THE war of words and battle of wills over the disputed South China Sea are heating up. Beijing's response to the latest American clamour about its land reclamation activities in marine reefs has been nonchalant.
Chinese military spokesmen confidently assert that the United States may keep up its verbal criticism and continue with surveillance, but it will never do more than that.
From the Chinese perspective, the US is a declining hegemon with shrinking enforcement powers.
The US' "pivot" or "rebalancing" to Asia had envisaged deploying more than half of its naval assets to the Pacific to leash China's maritime expansion.
But Washington currently has 289 ships, of which only 58 are prowling the Western Pacific.
Therefore, China is calling the American bluff by breaking free of its previous bounds of "offshore defence" to pursue "open-seas protection", that is, with a blue-water navy that can prevail far away from its coastline.
The calculation that the Americans may huff and puff but lack the resolve to force China to backtrack lies at the heart of the insecurity enveloping Asia.
With one big shark, the US, in effect passing the baton to the other big animal, China, are the smaller nations in the Indo-Pacific region doomed to become subservient fish in a new Sino-centric pond?
Emboldened by its unstoppable momentum, Beijing has just fired shots across the bow to New Delhi, demanding that it must "first get approval from China" before exploring for energy off the coast of Vietnam.
What are the options for weaker parties in the light of the US being past its prime and China on the rampage in its reclamation over disputed territories?
Australian think-tank the Lowy Institute has called for "minilateral" coalitions of middle powers like India, Indonesia, Vietnam and Australia to enhance indigenous capacities and inter-operability for upholding balance in a region undergoing rapid flux and power transition.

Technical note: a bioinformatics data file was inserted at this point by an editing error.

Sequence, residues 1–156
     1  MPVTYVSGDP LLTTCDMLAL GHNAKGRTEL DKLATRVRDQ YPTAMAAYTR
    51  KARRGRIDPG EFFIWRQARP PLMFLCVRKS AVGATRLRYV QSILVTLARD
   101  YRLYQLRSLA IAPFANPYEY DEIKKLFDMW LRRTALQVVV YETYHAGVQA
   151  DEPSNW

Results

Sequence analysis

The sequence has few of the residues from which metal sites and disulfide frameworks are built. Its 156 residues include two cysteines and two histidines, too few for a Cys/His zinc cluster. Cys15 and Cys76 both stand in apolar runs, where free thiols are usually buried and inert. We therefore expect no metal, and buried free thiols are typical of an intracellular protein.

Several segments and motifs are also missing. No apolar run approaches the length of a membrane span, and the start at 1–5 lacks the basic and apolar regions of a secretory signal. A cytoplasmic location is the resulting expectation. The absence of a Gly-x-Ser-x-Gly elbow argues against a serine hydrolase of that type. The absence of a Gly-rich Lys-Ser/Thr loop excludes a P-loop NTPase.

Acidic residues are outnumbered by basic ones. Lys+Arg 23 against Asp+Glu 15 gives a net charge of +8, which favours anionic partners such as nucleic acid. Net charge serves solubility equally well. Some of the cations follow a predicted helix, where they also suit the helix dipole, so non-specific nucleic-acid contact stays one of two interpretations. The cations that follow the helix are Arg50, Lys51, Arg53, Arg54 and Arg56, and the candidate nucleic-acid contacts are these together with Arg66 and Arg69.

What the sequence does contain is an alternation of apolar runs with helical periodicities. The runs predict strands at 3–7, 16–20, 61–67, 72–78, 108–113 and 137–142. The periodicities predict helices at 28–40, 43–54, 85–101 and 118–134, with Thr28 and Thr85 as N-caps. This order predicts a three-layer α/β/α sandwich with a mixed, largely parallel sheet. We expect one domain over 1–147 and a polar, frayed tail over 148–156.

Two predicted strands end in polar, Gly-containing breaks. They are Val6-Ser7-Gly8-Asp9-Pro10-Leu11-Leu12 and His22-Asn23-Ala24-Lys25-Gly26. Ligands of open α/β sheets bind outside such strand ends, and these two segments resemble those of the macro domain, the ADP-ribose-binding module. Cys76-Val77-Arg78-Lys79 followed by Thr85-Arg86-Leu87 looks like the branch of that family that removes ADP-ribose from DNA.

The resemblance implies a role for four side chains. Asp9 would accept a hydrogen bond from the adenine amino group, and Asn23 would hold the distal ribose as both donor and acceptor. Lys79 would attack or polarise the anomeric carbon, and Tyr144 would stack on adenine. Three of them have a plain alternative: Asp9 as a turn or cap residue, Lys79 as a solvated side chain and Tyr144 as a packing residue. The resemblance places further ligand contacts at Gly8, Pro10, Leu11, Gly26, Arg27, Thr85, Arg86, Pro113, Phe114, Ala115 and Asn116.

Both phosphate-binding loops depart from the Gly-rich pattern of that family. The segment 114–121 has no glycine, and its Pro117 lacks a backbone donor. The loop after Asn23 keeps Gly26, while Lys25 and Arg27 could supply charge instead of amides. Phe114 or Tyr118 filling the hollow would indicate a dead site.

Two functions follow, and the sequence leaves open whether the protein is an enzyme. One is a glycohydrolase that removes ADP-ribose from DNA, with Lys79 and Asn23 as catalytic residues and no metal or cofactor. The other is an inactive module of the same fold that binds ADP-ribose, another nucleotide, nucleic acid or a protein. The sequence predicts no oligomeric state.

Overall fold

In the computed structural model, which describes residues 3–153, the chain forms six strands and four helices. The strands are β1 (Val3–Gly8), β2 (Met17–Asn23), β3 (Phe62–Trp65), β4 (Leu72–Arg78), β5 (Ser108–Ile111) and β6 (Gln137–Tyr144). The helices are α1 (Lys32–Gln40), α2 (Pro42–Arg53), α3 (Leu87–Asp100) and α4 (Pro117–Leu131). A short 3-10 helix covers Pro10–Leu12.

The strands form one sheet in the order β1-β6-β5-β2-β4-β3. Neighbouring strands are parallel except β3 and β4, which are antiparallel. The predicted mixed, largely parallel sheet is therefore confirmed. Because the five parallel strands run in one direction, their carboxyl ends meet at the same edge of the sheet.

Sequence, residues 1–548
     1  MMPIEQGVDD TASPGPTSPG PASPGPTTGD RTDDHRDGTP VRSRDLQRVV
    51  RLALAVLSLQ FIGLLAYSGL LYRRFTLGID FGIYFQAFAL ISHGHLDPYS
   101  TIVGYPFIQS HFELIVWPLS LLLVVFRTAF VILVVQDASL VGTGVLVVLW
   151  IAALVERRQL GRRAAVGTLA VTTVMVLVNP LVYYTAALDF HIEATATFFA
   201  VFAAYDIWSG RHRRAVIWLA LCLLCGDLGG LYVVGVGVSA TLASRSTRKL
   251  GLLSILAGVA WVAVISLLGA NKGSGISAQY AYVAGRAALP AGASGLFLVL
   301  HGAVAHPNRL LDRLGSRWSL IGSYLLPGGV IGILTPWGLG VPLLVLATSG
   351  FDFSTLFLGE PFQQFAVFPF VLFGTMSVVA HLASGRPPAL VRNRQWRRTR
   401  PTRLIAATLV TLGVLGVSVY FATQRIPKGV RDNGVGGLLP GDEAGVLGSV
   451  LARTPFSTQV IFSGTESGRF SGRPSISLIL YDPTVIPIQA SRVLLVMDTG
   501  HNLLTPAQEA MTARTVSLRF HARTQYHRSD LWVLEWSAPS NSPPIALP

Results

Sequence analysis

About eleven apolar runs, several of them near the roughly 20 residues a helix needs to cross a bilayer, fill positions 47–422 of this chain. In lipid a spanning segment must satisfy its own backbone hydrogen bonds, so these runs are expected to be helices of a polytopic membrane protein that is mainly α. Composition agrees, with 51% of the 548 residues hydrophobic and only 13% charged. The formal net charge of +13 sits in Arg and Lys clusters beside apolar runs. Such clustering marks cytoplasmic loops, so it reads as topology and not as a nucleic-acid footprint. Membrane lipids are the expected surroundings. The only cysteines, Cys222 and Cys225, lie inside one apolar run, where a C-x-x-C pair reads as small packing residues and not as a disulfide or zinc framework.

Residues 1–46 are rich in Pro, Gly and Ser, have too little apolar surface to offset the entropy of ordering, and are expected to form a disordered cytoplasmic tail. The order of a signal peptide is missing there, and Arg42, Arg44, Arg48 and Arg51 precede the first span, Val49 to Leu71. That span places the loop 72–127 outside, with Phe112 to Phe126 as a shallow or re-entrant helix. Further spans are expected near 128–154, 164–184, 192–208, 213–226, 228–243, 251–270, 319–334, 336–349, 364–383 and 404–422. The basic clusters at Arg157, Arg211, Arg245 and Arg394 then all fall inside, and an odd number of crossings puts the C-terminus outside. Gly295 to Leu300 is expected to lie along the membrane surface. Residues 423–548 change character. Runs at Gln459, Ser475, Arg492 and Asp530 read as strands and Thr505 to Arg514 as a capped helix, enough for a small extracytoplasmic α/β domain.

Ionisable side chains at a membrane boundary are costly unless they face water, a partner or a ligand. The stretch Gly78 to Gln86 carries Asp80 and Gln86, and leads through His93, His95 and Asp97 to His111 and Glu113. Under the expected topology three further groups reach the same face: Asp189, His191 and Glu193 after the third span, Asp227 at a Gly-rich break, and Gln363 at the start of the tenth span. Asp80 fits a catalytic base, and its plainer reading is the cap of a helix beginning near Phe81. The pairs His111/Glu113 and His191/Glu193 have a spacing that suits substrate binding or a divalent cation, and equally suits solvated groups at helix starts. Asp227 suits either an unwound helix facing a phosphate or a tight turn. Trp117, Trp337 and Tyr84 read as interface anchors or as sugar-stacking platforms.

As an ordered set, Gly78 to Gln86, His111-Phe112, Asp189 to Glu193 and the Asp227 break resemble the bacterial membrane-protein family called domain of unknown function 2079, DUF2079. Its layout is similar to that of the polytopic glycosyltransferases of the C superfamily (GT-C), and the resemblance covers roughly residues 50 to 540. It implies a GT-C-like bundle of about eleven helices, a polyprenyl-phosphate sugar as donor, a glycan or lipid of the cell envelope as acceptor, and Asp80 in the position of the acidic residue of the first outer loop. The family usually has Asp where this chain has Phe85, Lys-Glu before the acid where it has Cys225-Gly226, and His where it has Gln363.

The need of the hour is alternative security institutions involving smaller nations warily watching the Sino-American tussle, where the final outcome could be a Chinese victory.
India - which is not a party to the South China Sea fracas but whose "Act East" policy and primacy in the Indian Ocean are being pressured by advancing Chinese flotillas - must take the lead in forging new security permutations, norms and understandings among lesser regional actors.
Pinning hopes on the US to rein in China is wishful thinking.
Two parallel shifts demand India to step up to the plate.
First is the reluctant but evident abdication of an attenuating US in favour of a resurgent China.
The other is the endeavour of medium-ranked powers in Asia to catch up with ascendant China and equalise their terms of interaction.
With deft diplomacy, India can steer this dual change.
India lags behind China and the US in military firepower and economic muscle.
But it can parlay this disadvantage into an attraction by convening new "plurilateral" institutions of the underdogs in the Indo-Pacific just as it once floated the non-aligned movement during the Cold War period.
India's initiation of forums, dialogues and joint exercises will be welcomed at the present juncture, as New Delhi lacks the means and intentions to dominate the region.
The South China Sea tinderbox, with a sharp US-versus-China binary, has an opening for a non-threatening third force to strengthen a spirit of regionalism that reduces dependency of the minnows on the whims of hegemons.
Doubts persist over whether India, hobbled by an understaffed career diplomatic corps notorious for its overcautious foreign policy, can grasp the nettle and assume a proactive role as a gatherer of like-minded countries and a moderator of new security communities in the Indo-Pacific.
The saving grace is the bold Prime Minister Narendra Modi, who has a king-size ambition to convert India into a great power.
Given the top-down nature of India's bureaucratic apparatus, a concerted push from Mr Modi can infuse creativity and fresh blood into its diplomatic arsenal.
For too long, India has contemplated defensively about whether to catch or drop the ball of rules and institutions conceived and proposed by other countries. Under Mr Modi, the onus is on India to develop and throw the ball.
The writer is a professor and dean at the Jindal School of International Affairs in Sonipat, India.